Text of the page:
During the session “What Does a Sustainable Bakery Business Look Like – and How Do You Get There?” the audience learned from Michelle Reid of B Corp what’s involved in pursuing certification and what it can mean for their bakeries, from driving business decisions toward balance and financial success to helping make you an employer of choice. Matt Cimon, president of Portofino Bakery and co-founder of Bond Bakery Brands, shared his experiences in becoming certified:
“Over the past couple years, we’ve done a number of things that you could call sustainable and eco-conscious and better for the environment. We’ve reduced our waste in our product returns, which was a massive area of focus for us, we’ve cut it by over half in the past 18 months, we’ve reduced our reliance on poly that we’re using in our packaging, we’ve started monitoring, what are things that we think are important like waste, and greenhouse emissions information that wasn’t even on our radar years ago. . . . But I think the biggest change that we’ve done is actually how we approach it. . . . We recognized that we don’t know what we don’t know. There’s a lot of information out there. There are a lot of implications. So, similar to what we do for our food safety programs and some other initiatives, we brought in experts.”
Sylvestre Awono inspired bakers with his message of responsible ingredient sourcing. Awono is global business development manager of Cacao-Trace, the Puratos sustainability program that creates and shares value among chocolate chain stakeholders, and especially cocoa farmers, to improve their living conditions. Awono shared moving case studies of lives improved and led attendees through a tasting of sustainable chocolate products.
Staffing your bakery
Keynote speaker Mark Dyck, Rise Up Bakers podcaster, coach and founder of Bakers4Bakers.org forum, taught bakers, owners and operators a simple framework for finding the best stories to tell and the best place to tell them. “You opened your bakery or pizzeria because you wanted to build something special,” he said. How do you get your message out to customers who want to hear it? Dyck shared key techniques to help bakers tell better stories about their bakery and a simple framework for finding the best stories to tell and the best place to tell them.
Anastasia French of Living Wage for Families BC walked attendees through the steps involved in becoming a living wage employer and provided concrete examples of businesses who have made the transition. While not the easiest process to make in today’s economy, benefits include good publicity, improved morale, and the chance to live your values, recruit staff and lower turnover rate. French also noted it’s not an “all-or-nothing” proposition: even if you cannot maintain the commitment, you are welcomed back once you’re able to re-commit.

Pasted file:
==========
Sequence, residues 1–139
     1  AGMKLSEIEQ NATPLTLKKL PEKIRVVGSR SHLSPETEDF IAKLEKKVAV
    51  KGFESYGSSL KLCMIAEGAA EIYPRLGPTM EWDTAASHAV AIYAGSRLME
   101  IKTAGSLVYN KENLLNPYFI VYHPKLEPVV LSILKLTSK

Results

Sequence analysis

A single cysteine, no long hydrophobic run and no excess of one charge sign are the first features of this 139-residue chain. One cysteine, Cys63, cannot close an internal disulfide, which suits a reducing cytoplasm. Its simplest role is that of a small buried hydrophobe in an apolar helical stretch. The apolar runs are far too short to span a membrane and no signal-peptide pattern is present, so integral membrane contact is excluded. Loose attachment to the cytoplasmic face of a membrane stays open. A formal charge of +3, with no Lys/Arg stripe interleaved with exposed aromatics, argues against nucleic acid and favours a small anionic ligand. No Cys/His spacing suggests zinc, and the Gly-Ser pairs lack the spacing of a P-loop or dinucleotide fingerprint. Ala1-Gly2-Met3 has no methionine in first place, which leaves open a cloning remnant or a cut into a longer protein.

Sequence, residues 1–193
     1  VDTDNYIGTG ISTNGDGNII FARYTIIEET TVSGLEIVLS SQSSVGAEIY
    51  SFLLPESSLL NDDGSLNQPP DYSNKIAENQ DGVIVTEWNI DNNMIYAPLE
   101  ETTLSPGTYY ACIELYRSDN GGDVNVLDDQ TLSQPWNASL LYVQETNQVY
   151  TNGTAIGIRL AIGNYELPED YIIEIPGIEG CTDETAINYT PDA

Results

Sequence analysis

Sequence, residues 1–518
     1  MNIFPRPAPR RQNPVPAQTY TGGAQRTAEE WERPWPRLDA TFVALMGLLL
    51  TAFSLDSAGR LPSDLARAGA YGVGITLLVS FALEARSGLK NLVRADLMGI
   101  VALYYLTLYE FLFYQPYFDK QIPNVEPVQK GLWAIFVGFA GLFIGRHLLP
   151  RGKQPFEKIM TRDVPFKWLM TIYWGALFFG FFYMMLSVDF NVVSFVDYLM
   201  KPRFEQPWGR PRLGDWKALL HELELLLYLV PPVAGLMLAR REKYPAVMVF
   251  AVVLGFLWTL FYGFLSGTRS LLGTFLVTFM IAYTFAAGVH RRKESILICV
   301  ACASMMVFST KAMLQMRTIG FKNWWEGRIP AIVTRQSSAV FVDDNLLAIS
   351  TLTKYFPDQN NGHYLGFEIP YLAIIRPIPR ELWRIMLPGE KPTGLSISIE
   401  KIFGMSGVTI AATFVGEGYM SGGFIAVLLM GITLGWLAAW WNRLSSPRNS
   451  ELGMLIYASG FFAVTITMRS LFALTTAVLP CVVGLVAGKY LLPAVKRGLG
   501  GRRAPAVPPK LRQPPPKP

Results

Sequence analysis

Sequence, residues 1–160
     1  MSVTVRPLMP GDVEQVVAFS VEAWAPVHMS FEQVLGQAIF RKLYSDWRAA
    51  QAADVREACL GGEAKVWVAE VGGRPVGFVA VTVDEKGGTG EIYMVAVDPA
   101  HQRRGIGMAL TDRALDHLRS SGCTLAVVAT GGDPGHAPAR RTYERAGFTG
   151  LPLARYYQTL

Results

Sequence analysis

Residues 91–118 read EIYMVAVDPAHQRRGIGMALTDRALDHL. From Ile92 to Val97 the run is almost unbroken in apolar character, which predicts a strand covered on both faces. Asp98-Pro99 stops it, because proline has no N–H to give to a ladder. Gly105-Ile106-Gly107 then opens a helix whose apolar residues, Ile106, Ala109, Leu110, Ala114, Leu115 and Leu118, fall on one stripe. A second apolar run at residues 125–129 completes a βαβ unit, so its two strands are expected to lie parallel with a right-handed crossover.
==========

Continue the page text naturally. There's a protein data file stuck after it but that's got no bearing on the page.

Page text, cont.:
Karen Bornarth, executive director of the Bread Bakers Guild of America, gave a powerful talk outlining four important operational choices that put bakeries in a position to provide “good jobs”: focus and simplify, standardize and empower, cross-train and operate with slack. On the last choice, Bornarth recommended, “Have more labour hours on hand than what the workload requires to meet peak customer demand and give employees time to perform well and engage in improvement.” Bornarth, who has given many talks on the subject, urged owners to invest in high performance standards, ongoing training, professional development, career pathways, predictable schedules and fair pay.
Innovation in action
Baking professionals picked up techniques and ideas for their own baking from the skilled instructors at Vancouver Community College and Vancouver Island University. VCC’s Leanne Bentley took bakers on a journey with trending, no-fuss travel cakes, Nav Sidhu focused on the elegant galette and Mark Burton shared his sourdough wisdom. On Monday, VIU’s Aron Weber shared his insights and experience keeping bees as a pastry chef and Ken Harper told the story of how students helped make a custom chocolate using Cacao Barry called Or Noir and provided delicious samples. VIU colleague David Nolan demonstrated bi-colour lamination by making Rose and Strawberry Croissants.
New this year, the exciting Canadian Pizza Summit and Chef of the Year Competitions co-located with Bakery Showcase. A new Chef of the Year West, Giuseppe Cortinovis of Vancouver, was selected by expert judges. Cortinovis’ winning “Nostalgia” pizza featured dough made using a combination of biga and autolysis. The innovative chef added a layer of aged parmesan cream and tomato confit before baking and topped the pizza with stracciatella cheese and arugula pesto made with sunflower seeds.
Thank you to our sponsoring partners, AB Mauri, Ardent Mills, Bakemark, Caldic, Dawn Foods, EM Bakery Equipment, FCC, Fritsch Multivac, Lallemand and Puratos for supporting this key industry learning and networking event. And thank you to all presenters, attendees and exhibitors for bringing your energy and ideas to the West Coast!
Our next Bakery Showcase is set for May 5-6, 2024, in Toronto! Save the date! Registration opens in the fall at bakeryshowcase.com.